Global Citizen is a community of people like you

People who want to learn about and take action on the world’s biggest challenges. Extreme poverty ends with you.

Bilky Wada, 15, seated in the middle, is in the 6th grade at Miga Central Primary School, Jigawa State, in northwestern Nigeria.
Kelley Lynch/GPE
Girls & Women

Ask an Expert: Why Is It Important to Empower the Nigerian Girl Child?


Why Global Citizens Should Care
The International Day of the Girl Child is marked every year on Oct. 11, to recognise girls’ rights and the unique challenges girls face around the world. Achieving the empowerment of women and girls is integral to each of the UN's 17 Global Goals, but particularly Goal 5 for gender equality. Join us to take action to support girls’ rights here.

Children in Nigeria are vulnerable to a wide range of abuses and harmful traditional practices. In 2014, a national survey found that 6 out of 10 children reported having suffered one or more forms of violence before reaching 18 years of age, and 70% of these experienced multiple incidents of violence. 

Nigeria also has the highest number of out-of-school children globally and the United Nations Children’s Fund (UNICEF) estimates that if a child misses school for even a short time there is a low chance, only about 25%, that the child will ever return.

Despite this dire situation, girls are still harder hit by these issues than boys. In Northeast Nigeria, only 41% of eligible girls receive a primary education, and the country also has the largest number of child brides in Africa: 23 million girls and women were married as children.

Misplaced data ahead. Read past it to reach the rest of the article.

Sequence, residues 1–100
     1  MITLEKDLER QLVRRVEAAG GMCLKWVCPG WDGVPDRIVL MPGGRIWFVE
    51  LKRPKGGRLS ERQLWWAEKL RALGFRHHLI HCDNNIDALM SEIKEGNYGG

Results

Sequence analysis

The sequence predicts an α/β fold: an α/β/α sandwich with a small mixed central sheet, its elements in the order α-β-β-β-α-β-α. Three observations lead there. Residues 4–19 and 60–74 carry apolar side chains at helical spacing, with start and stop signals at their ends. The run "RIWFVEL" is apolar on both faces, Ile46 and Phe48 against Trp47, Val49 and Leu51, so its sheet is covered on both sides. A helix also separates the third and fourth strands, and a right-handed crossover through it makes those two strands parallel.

Girls also have to deal with a prevalence of female genital mutilation (FGM) — Nigeria has the third highest absolute number of women and girls (19.9 million) who have undergone FGM worldwide.

To promote girls’ rights and highlight gender inequalities, in Nigeria and all over the world, the United Nations holds the annual International Day of the Girl Child on Oct. 11. 

Related Stories June 11, 2020 5 Organisations Supporting the Fight Against Sexual Violence in Nigeria

In honour of this global event, Global Citizen spoke to Beedof Abireh, founder and executive director of Girlspace Charity, a nonprofit organisation in Nigeria that works with young, at-risk girls living in slums, camps for people who are internally-displaced, and rural communities to access quality education, on why it is important to empower the Nigerian girl child.

What are the issues facing the girl child in Nigerian society?

There are a lot of issues faced by the girl child in Nigeria today. Early child marriage, which is predominant in the north and middle parts of the country, and many parents are not willing to send young girls to school due to religious beliefs, poverty, or irresponsibility. 

Another issue making rounds all over the country right now is gender-based violence and rape — which is very prevalent across the country because there are no stringent laws or enforcement of existing laws by stakeholders and law enforcement agencies. 

Related Stories Oct. 1, 2020 10 Activists in Nigerian History Who Represent the Resilience of Its People

These are issues that constantly militate against the welfare and well-being of many indigent girls in Nigeria. 

I am currently data mapping Abaji Area Council in Abuja, and one of the prominent reasons for gender-based violence captured from respondents in our questionnaires is poverty and lack of awareness. This is why the government and stakeholders must act quickly and consider this an emergency.

How is Girlspace Charity tackling these issues?

Over three years, we have been able to reach about 647 young girls from IDP [internally-displaced people] camps and rural communities across Abuja through advocacy and sensitisation. We support these girls to amplify their voices by speaking to their parents on the need to allow them access to education, because we know these young girls should not be deprived of access to education.